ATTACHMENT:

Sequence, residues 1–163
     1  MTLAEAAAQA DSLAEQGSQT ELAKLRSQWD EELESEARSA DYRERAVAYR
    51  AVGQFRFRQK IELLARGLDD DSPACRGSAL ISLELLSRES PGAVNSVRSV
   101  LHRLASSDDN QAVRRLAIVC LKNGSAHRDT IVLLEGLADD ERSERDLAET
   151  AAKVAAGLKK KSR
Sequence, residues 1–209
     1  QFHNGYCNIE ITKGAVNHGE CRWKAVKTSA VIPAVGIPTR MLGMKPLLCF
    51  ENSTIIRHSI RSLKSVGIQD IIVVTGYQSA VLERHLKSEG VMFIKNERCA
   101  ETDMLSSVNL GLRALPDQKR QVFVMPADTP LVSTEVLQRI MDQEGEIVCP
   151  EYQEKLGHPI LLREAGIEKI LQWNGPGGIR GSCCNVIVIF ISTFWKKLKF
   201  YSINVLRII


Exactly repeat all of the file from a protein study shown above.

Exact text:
Sequence, residues 1–163
     1  MTLAEAAAQA DSLAEQGSQT ELAKLRSQWD EELESEARSA DYRERAVAYR
    51  AVGQFRFRQK IELLARGLDD DSPACRGSAL ISLELLSRES PGAVNSVRSV
   101  LHRLASSDDN QAVRRLAIVC LKNGSAHRDT IVLLEGLADD ERSERDLAET
   151  AAKVAAGLKK KSR
Sequence, residues 1–209
     1  QFHNGYCNIE ITKGAVNHGE CRWKAVKTSA VIPAVGIPTR MLGMKPLLCF
    51  ENSTIIRHSI RSLKSVGIQD IIVVTGYQSA VLERHLKSEG VMFIKNERCA
   101  ETDMLSSVNL GLRALPDQKR QVFVMPADTP LVSTEVLQRI MDQEGEIVCP
   151  EYQEKLGHPI LLREAGIEKI LQWNGPGGIR GSCCNVIVIF ISTFWKKLKF
   201  YSINVLRII